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Drug Intervention Programs
A drug intervention is a structured, solution-oriented process undertaken to persuade someone who is abusing drugs to seek help in overcoming the addiction. Family, friends, and others involved in the person’s life use the intervention to demonstrate the extent of the effects of drinking and related behaviors. A successful intervention is not a confrontation but an opportunity for an addicted individual to accept help in taking the first step toward recovery. Often, an interventionist is invited to serve as a guide and educator before, during, and after the intervention.
Is a Drug Intervention Necessary?
Some drug addicts can and do recognize the extent of the problems stemming from drug abuse and seek treatment without the need for an intervention. Most, however, are reluctant or unable to realize that drugs are responsible for the problems in their relationships, health, or work. They ignore the safety issues related to drinking and driving and other high-risk behaviors. It is common for addicts to deny that drugs are the source of the difficulties they face.They may instead blame other people or circumstances in their lives. When that happens, an intervention can break through the denial and help these individuals clearly see the effects of their drug abuse on the people who matter most to them.
Finding an Interventionist
Experienced interventionists have the knowledge and training to help families, friends, and coworkers participate in the intervention in a helpful and nonjudgmental manner. They typically conduct pre-intervention preparation, serve as moderators during the intervention, and provide assistance in transitioning individuals into treatment programs after successful interventions. To find a qualified interventionist and learn about your options, call (800) 943-0566 and speak with an addiction treatment advisor.
During intervention, the group focuses on a consistent, collective expression of caring and support for the individual.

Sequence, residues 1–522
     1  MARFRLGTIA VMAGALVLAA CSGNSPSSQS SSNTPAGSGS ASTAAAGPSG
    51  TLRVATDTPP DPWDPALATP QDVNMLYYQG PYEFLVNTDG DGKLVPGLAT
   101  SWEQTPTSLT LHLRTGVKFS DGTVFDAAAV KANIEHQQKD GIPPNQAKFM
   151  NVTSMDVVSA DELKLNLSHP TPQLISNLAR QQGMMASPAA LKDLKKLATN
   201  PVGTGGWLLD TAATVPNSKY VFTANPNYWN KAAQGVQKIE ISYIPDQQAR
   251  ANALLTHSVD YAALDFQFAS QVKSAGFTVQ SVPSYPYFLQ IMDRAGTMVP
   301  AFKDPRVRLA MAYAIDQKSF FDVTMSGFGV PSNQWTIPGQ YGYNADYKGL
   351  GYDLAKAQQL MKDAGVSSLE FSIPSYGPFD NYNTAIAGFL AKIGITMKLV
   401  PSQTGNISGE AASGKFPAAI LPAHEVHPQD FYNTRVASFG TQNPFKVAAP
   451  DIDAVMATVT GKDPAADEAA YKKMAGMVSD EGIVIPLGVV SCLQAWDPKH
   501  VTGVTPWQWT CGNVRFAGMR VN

Interventionists implement various models. The Johnson model contrasts the individual’s positive personality traits with negative traits resulting from the addiction. During intervention, the group focuses on a consistent, collective expression of caring and support for the individual. According to the Association of Intervention Specialists, more than 90% of addicts are willing to seek treatment after experiencing the Johnson model. The systemic model assumes that all participants in the intervention process will become involved in recovery. They all receive education and counseling even if the addicted individual refuses therapy. Under the ARISE model, the addicted person is involved in the process from the beginning rather than being pulled into the intervention without warning. The model focuses on introducing the entire family to recovery and healing, with no shame or blame involved.
Preparing for Success and the Possibility of Failure
At the end of a successful drug abuse intervention, the addicted individual enters a treatment program. It’s likely that the person’s motivation to seek help is high at that point, so having a plan of action for implementing the best treatment option is crucial. An interventionist can guide the family in choosing the best treatment model for the situation and make preliminary arrangements in anticipation of a successful outcome.To encourage the individual to enter treatment immediately, the family is often asked to pack a bag and make any necessary living arrangements in advance. All is not lost, however, if the intervention fails. Participants may have told the individual during intervention that they will no longer tolerate certain behaviors. The interventionist can help them follow through on their resolutions if the addicted individual rejects treatment. In addition, hearing the ways in which drinking and subsequent behaviors have negatively affected family and friends may plant a seed that takes weeks or even months to bear fruit. By providing the addicted individual with information about available treatment alternatives, the intervention may increase the likelihood of future treatment.